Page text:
Democracy of Taste

Contrary to what it might seem from the previous post, I am not critical of Oscar Murillo. He’s an ordinary artist, fighting the same struggles as all of us and facing the same temptations—above all the temptation to just accept a work that looks like ordinary art, to compromise with himself. He’s not good enough to be really bad, like Rothko or Richter, and he doesn’t give a shock to anyone’s taste or sensibility, so he’s not bad enough to be really good. He’s easy for any artist to identify with, in fact, because most of us are in exactly the same place, most of the time. But he brings to mind certain self-evident truths about artist’s rights—such as the inalienable Right of Self-Election. The self-elected artists recognize each other, and other parties will not necessarily accept their status, and nor should they. As far as I can see neither David Zwirner nor the Rubells have the qualifications to decide which artists matter. I do.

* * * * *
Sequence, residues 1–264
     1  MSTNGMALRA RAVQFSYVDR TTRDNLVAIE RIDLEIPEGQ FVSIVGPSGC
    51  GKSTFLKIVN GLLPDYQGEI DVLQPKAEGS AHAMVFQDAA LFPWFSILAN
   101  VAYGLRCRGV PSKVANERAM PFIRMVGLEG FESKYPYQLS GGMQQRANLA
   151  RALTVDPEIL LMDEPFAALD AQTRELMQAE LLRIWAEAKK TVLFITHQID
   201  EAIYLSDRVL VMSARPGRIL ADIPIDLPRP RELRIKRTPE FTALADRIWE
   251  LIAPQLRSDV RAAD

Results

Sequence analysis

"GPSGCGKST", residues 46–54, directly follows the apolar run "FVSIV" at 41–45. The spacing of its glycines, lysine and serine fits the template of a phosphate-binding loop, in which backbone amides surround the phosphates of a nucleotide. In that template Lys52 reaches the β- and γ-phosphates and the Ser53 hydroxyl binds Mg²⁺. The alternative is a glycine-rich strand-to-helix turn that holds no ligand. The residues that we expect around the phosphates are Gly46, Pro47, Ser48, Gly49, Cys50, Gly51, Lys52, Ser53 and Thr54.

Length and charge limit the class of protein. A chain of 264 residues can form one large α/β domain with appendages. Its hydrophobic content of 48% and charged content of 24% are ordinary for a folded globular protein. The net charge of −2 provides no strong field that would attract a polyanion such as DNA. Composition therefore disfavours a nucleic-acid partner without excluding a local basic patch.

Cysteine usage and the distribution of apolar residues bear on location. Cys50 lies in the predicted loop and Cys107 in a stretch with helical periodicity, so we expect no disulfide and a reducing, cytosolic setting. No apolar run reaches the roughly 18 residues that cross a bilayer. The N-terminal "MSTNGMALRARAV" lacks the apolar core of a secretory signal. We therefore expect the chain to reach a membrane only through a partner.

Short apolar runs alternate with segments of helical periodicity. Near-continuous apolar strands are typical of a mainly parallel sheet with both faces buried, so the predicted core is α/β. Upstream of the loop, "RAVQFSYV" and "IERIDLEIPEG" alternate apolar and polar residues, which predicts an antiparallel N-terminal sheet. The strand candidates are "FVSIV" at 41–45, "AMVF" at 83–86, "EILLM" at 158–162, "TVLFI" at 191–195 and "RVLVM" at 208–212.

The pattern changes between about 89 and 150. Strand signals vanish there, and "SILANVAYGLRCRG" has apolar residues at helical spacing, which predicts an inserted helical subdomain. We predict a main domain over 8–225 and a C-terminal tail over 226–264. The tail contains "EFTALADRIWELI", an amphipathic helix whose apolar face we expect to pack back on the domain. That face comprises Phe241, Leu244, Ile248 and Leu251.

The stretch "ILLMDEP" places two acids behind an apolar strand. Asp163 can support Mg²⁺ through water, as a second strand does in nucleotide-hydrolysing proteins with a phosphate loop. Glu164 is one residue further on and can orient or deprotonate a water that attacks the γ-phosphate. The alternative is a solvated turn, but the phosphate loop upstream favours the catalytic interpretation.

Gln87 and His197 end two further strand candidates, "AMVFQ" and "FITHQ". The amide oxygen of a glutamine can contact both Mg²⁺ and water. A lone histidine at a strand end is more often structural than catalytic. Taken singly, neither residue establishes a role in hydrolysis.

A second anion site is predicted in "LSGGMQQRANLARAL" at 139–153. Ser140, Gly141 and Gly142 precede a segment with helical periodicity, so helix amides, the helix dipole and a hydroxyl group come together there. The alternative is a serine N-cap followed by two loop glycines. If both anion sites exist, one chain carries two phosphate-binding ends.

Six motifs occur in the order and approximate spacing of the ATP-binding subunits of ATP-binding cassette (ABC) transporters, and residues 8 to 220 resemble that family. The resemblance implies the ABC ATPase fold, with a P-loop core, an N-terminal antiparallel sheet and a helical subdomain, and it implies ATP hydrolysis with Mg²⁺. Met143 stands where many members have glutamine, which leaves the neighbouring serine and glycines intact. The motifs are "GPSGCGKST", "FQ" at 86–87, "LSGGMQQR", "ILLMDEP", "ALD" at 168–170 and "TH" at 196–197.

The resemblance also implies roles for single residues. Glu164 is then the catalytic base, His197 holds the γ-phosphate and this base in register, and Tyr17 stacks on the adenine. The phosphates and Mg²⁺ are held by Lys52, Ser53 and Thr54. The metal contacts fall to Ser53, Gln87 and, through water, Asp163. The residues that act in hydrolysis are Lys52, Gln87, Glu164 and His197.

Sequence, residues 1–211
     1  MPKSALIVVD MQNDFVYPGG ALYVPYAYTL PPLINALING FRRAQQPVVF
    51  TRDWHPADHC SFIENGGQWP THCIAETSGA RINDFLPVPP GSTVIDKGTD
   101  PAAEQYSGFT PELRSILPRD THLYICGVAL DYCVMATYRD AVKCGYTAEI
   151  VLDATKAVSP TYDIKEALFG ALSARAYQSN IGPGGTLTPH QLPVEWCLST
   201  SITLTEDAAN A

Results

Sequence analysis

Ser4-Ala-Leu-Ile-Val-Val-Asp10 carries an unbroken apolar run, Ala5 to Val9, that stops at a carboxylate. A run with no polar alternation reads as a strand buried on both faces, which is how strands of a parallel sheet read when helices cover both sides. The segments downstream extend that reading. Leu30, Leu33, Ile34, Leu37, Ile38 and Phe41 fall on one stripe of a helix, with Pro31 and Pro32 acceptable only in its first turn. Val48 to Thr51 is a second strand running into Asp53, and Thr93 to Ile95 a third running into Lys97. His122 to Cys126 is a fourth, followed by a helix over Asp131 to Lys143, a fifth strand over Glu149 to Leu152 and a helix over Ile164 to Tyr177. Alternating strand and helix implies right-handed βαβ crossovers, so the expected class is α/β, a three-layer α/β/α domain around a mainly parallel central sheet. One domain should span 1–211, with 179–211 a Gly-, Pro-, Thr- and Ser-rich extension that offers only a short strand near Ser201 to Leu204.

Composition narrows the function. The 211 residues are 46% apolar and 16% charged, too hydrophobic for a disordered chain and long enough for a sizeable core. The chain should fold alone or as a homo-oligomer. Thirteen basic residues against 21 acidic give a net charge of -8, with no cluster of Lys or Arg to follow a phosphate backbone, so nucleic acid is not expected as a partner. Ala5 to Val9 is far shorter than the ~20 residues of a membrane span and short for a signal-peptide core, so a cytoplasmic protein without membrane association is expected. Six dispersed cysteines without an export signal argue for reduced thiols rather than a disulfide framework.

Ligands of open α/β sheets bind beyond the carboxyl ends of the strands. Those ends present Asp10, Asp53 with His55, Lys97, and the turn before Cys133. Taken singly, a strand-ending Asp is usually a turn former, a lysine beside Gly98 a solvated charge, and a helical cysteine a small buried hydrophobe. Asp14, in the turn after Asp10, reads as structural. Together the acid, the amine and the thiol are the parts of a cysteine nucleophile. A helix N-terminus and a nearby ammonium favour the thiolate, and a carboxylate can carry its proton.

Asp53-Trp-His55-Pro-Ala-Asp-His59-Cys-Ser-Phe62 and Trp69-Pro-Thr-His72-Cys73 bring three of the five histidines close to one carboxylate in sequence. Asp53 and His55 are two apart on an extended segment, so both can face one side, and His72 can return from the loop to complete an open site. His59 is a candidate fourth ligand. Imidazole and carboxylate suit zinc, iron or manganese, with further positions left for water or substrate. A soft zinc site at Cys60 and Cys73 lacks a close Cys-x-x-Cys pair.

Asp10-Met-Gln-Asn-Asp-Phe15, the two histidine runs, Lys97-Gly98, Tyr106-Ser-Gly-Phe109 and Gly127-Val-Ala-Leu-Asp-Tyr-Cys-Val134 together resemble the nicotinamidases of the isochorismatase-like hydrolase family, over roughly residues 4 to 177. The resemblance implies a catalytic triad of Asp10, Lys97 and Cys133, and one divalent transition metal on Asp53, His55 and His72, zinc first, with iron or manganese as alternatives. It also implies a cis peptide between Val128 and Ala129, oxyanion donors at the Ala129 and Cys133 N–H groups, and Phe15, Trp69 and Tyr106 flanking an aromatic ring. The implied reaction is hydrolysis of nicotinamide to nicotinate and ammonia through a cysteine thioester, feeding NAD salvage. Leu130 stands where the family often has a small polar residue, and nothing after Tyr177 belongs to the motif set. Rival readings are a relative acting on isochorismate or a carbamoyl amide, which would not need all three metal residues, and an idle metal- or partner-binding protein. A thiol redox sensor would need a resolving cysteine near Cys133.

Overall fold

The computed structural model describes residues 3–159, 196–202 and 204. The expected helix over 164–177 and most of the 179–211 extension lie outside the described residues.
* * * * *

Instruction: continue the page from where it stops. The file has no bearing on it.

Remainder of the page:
Robert Linsley, Untitled watercolor 2014

Robert Linsley, Untitled watercolor 2014

This entry was posted in Abstraction and Society, American Modernism, Ethics of Abstraction and tagged , , , , , . Bookmark the permalink.

One Response to Democracy of Taste

  1. Naomi Schlinke says:

    If it interests you, please say something about “the inalienable Right of Self-Election”(which I will quote in the future). I have spoken with artists of 30 years of engagement who modestly tilt their heads and say: “Of course, it is up to the world to decide who is an artist”. This attitude makes me gag. I really appreciate your moxie to say “I do” at the end of the article.

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